Cultures traditionally have rites of passage marking progression from child to adult
|"Other cultures make a clear delineation between childhood and adulthood; there are rites of passages and initiation ceremonies to mark these transitions. People expect and are willing to expose young people to hardship and pain, because it helps them grow." Author: Jeff Goins
Most societies have rites of passage marking the transition from childhood to adulthood and full participation within the community, tribe, or nation. Until recently the United States, serving in the military, Peace Corps or other service organizations provided that rite of passage with military service being the most common avenue.
Our self-indulgent society, however, no longer has a rite of passage. Not only is the military not seen by most as an attractive option, but about 70% of military age persons are disqualified from service because of health (obesity), criminal record, drug abuse, and lack of education.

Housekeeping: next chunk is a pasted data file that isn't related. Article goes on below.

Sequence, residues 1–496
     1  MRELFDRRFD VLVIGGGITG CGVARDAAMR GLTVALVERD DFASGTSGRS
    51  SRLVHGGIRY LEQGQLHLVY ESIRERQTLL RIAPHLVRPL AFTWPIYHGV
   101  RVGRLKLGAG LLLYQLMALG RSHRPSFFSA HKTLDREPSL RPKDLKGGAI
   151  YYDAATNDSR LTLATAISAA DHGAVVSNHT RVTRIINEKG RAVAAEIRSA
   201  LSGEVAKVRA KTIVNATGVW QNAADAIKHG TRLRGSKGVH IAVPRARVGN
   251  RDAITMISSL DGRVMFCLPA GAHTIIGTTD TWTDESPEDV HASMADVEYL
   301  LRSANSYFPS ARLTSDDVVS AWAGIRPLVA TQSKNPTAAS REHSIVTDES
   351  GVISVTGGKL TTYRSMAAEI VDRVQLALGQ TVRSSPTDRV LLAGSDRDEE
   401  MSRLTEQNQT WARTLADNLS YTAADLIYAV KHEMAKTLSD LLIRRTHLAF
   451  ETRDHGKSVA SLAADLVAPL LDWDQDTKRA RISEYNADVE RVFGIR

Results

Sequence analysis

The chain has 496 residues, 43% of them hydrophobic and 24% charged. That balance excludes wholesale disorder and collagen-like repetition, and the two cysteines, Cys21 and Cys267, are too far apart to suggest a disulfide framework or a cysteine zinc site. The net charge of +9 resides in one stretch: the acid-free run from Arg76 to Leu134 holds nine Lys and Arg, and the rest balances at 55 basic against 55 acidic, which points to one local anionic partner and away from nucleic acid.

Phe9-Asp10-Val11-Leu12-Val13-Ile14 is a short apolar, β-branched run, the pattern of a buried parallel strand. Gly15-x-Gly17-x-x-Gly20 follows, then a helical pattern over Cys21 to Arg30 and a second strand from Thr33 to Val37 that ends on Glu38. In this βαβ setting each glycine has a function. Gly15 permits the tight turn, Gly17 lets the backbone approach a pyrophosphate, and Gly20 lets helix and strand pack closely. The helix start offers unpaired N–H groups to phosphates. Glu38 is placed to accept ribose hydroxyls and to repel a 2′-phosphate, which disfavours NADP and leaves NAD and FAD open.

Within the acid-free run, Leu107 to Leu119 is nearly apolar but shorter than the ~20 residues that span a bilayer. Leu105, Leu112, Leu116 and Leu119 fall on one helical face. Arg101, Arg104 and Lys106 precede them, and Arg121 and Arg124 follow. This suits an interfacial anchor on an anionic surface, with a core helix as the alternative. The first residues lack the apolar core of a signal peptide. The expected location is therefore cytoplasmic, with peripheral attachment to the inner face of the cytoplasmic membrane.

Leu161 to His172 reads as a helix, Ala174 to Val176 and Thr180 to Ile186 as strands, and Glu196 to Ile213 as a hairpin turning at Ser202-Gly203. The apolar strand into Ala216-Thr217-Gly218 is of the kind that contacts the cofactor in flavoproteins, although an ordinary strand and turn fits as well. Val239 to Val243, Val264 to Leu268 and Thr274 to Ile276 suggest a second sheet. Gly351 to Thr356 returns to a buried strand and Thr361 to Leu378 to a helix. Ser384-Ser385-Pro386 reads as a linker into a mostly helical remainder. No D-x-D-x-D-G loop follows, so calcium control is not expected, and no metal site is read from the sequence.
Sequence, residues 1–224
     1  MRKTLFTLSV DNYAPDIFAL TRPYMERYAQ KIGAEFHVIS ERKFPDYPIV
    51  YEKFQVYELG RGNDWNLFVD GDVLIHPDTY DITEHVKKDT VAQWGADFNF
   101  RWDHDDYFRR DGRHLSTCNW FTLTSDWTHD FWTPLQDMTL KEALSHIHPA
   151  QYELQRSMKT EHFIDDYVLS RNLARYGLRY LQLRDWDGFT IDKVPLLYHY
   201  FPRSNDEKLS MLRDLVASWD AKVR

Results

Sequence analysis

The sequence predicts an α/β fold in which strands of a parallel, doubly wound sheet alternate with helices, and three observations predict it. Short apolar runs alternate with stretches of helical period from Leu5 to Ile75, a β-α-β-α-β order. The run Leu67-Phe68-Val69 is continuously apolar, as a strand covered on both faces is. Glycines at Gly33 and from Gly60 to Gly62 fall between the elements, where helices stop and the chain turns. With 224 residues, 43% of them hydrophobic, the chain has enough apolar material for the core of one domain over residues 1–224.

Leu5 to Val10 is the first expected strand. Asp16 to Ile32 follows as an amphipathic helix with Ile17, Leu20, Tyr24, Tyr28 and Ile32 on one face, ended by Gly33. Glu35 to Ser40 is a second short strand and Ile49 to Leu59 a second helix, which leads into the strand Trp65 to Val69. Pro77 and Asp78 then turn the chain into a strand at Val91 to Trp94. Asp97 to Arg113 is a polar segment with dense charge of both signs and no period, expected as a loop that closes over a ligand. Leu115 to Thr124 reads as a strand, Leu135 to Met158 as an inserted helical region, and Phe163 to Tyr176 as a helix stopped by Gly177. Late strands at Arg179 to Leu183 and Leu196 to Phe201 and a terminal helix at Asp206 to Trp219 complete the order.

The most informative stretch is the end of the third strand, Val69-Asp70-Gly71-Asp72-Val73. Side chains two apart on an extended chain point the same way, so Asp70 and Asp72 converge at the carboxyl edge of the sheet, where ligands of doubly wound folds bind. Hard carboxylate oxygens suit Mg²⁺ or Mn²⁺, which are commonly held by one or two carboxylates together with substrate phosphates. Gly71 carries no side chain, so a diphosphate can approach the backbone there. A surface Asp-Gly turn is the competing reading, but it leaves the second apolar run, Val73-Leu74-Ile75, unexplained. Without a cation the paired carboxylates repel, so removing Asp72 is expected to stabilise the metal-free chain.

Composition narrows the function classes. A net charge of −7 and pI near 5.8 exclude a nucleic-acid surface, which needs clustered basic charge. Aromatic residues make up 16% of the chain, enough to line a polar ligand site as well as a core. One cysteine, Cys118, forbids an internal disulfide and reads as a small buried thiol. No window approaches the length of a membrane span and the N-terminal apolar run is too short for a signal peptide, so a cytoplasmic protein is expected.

That ineligible 70% will one be the drain on our societies resources. How do we as a nation reverse this trend? When did we become a nation that needs to establish 'safe places" to protect the fragile feelings of our citizens?
Is mandatory service the answer? One can argue for either side. Mandatory service requires investment in goals of the greater good, or it forces the unwilling to participate in service with lackluster results. As a former military officer, I would not want the unwilling and incapable serving with me. As a nation, we need to open dialogue to come up with ways to bring back rites of passage.